Gamifying UX Design


By Sarah Park

4 Game Mechanics to Engage your Users

The integration of game mechanics into an application or website, known as  “gamification” is used to increase participation and engagement. As user experience designers, we are constantly seeking new ways to engage users, so gamification is assumed to be a natural step. But gamification is more than just an added layer – there are many overlaps between pre-existing game mechanics and existing UX design principles.

Adding Appropriate Game Mechanics

Games involve risk-taking, skill, and a varying degree of challenges and actions the player must overcome. Games’ challenges have to be challenging enough to keep the player engaged. However, your web application should be like consistently winning the lottery– takes minimal effort and is easy to use, but is very rewarding and engaging.

Because of this difference, UX designers need to go beyond slapping on any game attribute. To quote John Ferrara, “Design considerations like the context of use, efficiency of navigation, complexity of decision-making, and mental models are native concerns of UX designers.” These are the areas where appropriate game mechanics can benefit an application.

We need to understand the why behind key gamification techniques. Only then can we recognize the UX design techniques inherent in these game mechanics.

Provide users with opportunities to succeed.

1. Show users their progress.

Breaking up large goals into smaller and easier steps creates more chances to feel a sense of achievement. A large goal that takes a long time to complete is intimidating, but by using progress bars, check marks, and other indicators, users are motivated every step of the way.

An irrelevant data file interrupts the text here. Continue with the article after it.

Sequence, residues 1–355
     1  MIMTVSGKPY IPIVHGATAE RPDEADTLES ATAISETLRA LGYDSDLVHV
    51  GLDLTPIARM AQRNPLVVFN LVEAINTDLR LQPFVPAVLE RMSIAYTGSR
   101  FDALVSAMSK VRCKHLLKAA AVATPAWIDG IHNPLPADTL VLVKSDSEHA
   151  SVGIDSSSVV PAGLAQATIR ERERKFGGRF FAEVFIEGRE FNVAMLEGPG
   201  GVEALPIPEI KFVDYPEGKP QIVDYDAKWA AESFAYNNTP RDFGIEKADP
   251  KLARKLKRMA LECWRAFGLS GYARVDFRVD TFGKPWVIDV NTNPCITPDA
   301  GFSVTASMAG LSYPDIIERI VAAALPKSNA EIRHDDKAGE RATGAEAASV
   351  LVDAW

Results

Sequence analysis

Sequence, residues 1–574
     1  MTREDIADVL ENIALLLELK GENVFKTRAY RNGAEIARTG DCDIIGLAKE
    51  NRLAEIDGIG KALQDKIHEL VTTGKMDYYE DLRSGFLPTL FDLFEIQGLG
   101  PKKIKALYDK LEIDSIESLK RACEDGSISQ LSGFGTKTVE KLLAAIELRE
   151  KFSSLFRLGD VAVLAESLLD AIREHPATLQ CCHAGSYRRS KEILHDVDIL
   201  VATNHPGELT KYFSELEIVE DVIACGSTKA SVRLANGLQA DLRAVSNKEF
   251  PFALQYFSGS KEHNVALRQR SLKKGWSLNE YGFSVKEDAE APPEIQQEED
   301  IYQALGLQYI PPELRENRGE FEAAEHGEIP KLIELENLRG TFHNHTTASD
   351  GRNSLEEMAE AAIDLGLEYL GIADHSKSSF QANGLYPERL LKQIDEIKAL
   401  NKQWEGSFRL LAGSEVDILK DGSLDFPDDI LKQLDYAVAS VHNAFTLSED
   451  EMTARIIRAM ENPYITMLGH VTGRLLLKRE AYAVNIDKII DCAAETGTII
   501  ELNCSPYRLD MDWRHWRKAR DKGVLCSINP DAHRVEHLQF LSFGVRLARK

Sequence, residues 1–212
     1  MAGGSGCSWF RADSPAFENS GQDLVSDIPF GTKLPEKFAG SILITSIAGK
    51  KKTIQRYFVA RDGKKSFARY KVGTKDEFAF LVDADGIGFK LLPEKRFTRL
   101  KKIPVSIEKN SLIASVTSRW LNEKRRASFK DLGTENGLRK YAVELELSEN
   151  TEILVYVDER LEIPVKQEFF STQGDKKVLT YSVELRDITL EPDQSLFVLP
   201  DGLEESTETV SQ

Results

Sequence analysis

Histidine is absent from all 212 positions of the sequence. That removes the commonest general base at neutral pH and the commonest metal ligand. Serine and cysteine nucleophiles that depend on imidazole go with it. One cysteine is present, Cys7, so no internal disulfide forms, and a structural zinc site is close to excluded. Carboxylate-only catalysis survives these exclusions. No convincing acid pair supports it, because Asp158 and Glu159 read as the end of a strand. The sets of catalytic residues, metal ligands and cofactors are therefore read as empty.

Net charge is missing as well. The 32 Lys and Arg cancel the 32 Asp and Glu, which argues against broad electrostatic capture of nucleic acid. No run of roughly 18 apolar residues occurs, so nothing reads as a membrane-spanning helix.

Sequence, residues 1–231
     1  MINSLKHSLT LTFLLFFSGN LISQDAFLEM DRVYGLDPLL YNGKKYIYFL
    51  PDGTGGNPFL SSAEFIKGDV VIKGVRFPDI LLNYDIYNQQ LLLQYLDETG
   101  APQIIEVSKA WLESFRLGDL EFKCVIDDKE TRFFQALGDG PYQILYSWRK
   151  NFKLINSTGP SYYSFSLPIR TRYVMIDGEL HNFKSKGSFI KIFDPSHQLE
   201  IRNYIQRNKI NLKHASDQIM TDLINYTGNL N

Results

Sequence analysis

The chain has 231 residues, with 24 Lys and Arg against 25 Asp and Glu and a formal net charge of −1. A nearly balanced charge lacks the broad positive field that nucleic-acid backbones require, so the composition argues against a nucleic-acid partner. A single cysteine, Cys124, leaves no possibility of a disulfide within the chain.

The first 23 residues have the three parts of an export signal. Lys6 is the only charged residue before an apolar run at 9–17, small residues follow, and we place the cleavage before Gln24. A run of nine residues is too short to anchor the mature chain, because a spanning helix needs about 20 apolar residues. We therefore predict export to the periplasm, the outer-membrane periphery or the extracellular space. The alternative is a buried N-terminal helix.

Keep this in mind for sites where users must fill out many forms before accomplishing their end goal. In UX design, this is usually referred to as progress dynamic, while in game design this is called progression or levels.

Linkedin uses a simple progress bar to encourage people to complete their profiles – a process which is both inherently useful, but also more fun when tied to a visible goal.

Domino’s Pizza gives users a way to visually track the status of their pizza. The main concern (i.e. user goal) customers have is “where is my pizza?” Even though they’re told it’ll take 30 minutes, being able to see the individual steps makes it feel as though the process moves faster.

2. Add Value with collectibles.

From expensive paintings to rocks – we know people like collecting things. Whatever the collection may be, the collector has invested some emotional value, and this value accompanies virtual items as well. Virtual collectibles such as badges and points can be used as great incentives and immediate rewards for small goals.

Your users may not need to collect any badges to accomplish your app’s goal, but these virtual items encourage user engagement by adding to the value of their actions and progress.

This relates to the game mechanic of having bonuses for players, and these virtual goods gives website users more attachment to the site.

Users don’t use Codecademy for the badges– they use it to learn how to program. But learning a skill is a vague, long-term goal. What helps users retain motivation in the short-term are the colorful badges and points they earn at Codecademy. Instead of grades (where users can feel failure for not achieving high enough) these virtual goods only accumulate (i.e. users only feel success).